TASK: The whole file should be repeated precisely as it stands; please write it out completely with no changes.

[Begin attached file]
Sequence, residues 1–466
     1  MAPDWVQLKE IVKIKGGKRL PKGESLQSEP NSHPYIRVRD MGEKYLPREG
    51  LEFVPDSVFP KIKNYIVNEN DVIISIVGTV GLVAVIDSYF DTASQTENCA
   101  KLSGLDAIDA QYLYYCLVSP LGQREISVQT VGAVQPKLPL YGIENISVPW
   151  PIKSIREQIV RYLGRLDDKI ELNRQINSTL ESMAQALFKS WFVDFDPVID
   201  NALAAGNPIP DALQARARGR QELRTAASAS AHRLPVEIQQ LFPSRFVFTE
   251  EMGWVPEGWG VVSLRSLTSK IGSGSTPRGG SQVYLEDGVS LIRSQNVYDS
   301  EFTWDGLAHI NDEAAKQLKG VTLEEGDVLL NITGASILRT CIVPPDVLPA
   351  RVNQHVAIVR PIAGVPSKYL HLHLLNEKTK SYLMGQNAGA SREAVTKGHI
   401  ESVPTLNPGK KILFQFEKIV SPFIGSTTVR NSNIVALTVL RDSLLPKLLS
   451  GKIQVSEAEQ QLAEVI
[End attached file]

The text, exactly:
Sequence, residues 1–466
     1  MAPDWVQLKE IVKIKGGKRL PKGESLQSEP NSHPYIRVRD MGEKYLPREG
    51  LEFVPDSVFP KIKNYIVNEN DVIISIVGTV GLVAVIDSYF DTASQTENCA
   101  KLSGLDAIDA QYLYYCLVSP LGQREISVQT VGAVQPKLPL YGIENISVPW
   151  PIKSIREQIV RYLGRLDDKI ELNRQINSTL ESMAQALFKS WFVDFDPVID
   201  NALAAGNPIP DALQARARGR QELRTAASAS AHRLPVEIQQ LFPSRFVFTE
   251  EMGWVPEGWG VVSLRSLTSK IGSGSTPRGG SQVYLEDGVS LIRSQNVYDS
   301  EFTWDGLAHI NDEAAKQLKG VTLEEGDVLL NITGASILRT CIVPPDVLPA
   351  RVNQHVAIVR PIAGVPSKYL HLHLLNEKTK SYLMGQNAGA SREAVTKGHI
   401  ESVPTLNPGK KILFQFEKIV SPFIGSTTVR NSNIVALTVL RDSLLPKLLS
   451  GKIQVSEAEQ QLAEVI